Genetic variant explains why women are more prone to Alzheimer’s

Like a sticking nail, Alzheimer’s has been irritating neuroscientists for decades. After so many years and billions worth of research, the underlying causes and mechanics that cause the gruesome neurodegenerative disease have yet to be identified, though hints suggest genetics have a major role to play – never mind a cure! Clearly, Alzhaimer’s is formidable and while we’ve yet to

Asian pollution drives storms in the Pacific

While pollution is most felt locally, where its produced, some of it eventually winds up in remote locations proving to be a global hazard even places in the world where there isn’t any kind of fossil industry. For instance, a while ago I reported how 29% of San Francisco’s pollution comes from China – be you didn’t know that. Air

US navy synthesizes jet fuel solely out of seawater; costs $3-6 gallon

Part of an extraordinary venture, researchers at the U.S. Naval Research Laboratory (NRL) report they’ve synthesized hydrocarbon fuel solely from seawater by transforming the CO2 and H2 found in the water. To demonstrate they viability of the fuel, a replica of the legendary WWII P-51 was fitted by an off-the-shelf (OTS) and unmodified two-stroke internal combustion engine and fueled by the synthetic

Rhinos could become virtually extinct by 2020

The new year came with a grim report, after South African authorities reported 1,004 rhinos were pouched in the previous year or 50% more than in 2012. Just six years ago, only 13 rhinos were slaughtered by poachers, but since then demand for rhino horn has soared. If the current trend is set to continue, than wild rhinos could become extinct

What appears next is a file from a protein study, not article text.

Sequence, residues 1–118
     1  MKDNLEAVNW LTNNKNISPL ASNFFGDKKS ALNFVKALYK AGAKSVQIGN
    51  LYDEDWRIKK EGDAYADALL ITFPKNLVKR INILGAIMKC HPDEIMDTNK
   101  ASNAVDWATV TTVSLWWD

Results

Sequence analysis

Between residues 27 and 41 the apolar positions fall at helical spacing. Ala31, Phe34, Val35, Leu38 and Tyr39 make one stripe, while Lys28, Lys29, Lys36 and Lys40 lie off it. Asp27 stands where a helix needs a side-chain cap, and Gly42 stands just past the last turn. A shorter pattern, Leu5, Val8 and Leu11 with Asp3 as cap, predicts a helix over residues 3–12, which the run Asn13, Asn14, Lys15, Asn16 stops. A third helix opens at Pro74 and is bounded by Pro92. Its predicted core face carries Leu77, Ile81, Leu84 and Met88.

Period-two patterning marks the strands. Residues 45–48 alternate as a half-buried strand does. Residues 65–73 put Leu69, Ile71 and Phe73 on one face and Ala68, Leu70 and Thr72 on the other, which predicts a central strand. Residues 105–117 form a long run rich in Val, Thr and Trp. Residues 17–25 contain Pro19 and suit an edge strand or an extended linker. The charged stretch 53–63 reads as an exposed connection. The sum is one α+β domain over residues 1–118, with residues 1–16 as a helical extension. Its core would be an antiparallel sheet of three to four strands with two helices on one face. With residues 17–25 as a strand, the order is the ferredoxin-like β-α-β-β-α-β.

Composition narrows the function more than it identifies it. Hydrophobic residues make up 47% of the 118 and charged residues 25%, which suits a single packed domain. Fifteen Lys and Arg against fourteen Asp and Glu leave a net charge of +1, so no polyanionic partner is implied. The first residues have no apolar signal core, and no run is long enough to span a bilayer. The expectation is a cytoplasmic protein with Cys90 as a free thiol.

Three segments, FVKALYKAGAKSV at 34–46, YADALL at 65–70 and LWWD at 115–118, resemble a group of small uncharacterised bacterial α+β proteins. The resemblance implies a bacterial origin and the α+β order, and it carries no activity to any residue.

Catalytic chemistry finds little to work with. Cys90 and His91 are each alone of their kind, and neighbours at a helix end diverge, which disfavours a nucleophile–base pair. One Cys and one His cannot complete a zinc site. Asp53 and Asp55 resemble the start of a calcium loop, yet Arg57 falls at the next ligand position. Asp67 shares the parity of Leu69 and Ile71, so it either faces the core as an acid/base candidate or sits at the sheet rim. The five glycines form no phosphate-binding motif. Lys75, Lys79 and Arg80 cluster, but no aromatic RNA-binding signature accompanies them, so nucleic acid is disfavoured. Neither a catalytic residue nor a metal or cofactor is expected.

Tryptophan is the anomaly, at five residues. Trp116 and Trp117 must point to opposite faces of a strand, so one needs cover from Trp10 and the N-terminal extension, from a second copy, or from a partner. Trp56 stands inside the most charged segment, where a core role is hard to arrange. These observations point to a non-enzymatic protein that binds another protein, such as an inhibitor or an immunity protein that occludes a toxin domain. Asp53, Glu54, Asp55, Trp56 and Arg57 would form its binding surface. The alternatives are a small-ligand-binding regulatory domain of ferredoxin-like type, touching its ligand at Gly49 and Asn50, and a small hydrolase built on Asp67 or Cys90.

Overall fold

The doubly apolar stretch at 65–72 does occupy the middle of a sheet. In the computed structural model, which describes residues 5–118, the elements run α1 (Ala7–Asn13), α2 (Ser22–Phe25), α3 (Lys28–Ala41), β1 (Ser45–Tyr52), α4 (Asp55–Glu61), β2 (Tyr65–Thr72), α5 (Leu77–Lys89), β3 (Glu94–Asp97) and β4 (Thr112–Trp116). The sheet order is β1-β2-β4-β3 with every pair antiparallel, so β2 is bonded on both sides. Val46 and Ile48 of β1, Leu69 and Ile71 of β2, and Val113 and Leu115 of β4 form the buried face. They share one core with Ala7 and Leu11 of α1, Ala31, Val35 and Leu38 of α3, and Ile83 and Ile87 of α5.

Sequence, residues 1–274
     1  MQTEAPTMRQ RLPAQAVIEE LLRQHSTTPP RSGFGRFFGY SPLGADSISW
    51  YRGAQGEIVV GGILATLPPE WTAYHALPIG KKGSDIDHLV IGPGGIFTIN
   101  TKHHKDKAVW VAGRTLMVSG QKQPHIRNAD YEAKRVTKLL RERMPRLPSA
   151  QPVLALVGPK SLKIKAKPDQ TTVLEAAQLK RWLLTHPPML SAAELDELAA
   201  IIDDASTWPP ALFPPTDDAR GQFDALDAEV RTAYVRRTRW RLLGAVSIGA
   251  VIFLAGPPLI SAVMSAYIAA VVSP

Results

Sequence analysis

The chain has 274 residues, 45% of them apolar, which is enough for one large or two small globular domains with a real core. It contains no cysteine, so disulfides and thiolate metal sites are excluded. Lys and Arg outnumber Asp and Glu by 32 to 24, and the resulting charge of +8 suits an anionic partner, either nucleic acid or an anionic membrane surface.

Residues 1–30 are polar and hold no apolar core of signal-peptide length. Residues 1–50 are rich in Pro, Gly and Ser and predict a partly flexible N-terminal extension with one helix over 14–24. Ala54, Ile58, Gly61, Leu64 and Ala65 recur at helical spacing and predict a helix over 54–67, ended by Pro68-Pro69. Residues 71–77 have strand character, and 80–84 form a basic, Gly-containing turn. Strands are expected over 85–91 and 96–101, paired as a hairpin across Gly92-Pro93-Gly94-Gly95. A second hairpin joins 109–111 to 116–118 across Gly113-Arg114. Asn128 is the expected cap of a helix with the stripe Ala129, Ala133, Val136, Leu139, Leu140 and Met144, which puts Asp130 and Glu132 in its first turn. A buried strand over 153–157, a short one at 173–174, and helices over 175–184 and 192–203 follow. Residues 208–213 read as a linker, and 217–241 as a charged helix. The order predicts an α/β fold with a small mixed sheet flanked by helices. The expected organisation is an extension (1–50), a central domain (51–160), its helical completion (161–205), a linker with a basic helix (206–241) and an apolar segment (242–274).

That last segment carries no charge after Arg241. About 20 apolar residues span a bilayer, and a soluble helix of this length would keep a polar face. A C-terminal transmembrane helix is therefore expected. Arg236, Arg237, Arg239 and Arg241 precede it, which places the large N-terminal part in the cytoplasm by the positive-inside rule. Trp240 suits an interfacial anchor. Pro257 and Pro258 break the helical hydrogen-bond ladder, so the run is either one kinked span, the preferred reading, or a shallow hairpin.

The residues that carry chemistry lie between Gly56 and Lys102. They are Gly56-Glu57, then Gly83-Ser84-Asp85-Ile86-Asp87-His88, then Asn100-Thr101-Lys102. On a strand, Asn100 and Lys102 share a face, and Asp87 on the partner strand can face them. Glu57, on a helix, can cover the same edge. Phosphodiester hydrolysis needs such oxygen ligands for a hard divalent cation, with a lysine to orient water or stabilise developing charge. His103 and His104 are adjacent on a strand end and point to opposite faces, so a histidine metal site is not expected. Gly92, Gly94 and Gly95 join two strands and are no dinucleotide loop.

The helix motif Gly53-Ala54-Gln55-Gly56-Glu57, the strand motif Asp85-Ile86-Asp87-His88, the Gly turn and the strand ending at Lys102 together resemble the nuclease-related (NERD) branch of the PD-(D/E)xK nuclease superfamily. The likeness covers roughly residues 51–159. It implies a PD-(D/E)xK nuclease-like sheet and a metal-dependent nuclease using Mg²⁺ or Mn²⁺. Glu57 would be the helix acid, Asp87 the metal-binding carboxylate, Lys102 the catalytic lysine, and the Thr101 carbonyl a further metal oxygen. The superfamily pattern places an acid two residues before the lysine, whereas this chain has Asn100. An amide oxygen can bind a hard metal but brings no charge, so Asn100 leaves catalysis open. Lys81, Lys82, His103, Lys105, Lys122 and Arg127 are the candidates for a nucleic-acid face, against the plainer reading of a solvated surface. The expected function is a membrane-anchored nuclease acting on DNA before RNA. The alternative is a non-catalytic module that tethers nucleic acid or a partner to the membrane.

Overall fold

Ancient Mars probably too cold to support liquid water

The Red Planet is dear to many of us. There’s a sort of brethren feeling, something that relates Earth and Mars together which makes people fond of the planet, but also at the same time weary. Weary because it’s dead planet, and because people don’t want the same thing to happen to Earth. The Martian deep canyons, flood sculpted lowlands

First possible evidence of an exomoon

Until just a few decades ago, there wasn’t any proof that there were any planets beyond those in our solar system, although of course everybody expected them to exist somewhere. After the Kepler Space Telescope was deployed, astronomers found not one, but a couple hundred exoplanets (planets orbiting other stars). In fact, our galaxy is supposed to harbor some 50

Newly discovered microRNA may help diagnose lung cancer

Researchers at the National Research Foundation of Korea report on Sunday that they have identified a new microRNA molecule that suppresses a gene, which previous research had identified as playing a crucial role in lung cancer development. If the present findings are refined, it may be possible to diagnose lung cancer in the future based on this genetic marker. MicroRNAs

Paraplegics regain leg movement after breakthrough therapy

For the nearly six million Americans living with paralysis, 1.3 million of which with spinal cord injuries, life is often a struggle. Few are independent, and this causes severe psychological strain. Physiotherapy has proved it can do wonder in some cases, but what if you could push it a bit further? Building up on previous ground-breaking research, a team of

Physical orientation has profound effects on feeling of closeness

Ever get that feeling that the place you’re heading to is much closer than it should be? Take for instance a trip with your friends to a resort. Why does the last hour leading to the destination feels like its shorter than the first hour when you all jumped in the car and left home? Enthusiasm aside for that particular

New exotic subparticle confirmed by LHC scientists

Once with the discovery and confirmation of the Higgs boson, the Large Hadron Collider in Geneva proved its money worth and garnered international appraise. Despite the LHC is currently shutdown for its periodical maintenance (the restart procedure is well underway, with the particle accelerator expected to become fully operational again in 2015), physicists aren’t slaking. The data gathered from experiments

Parasite turns plants into fruitless zombies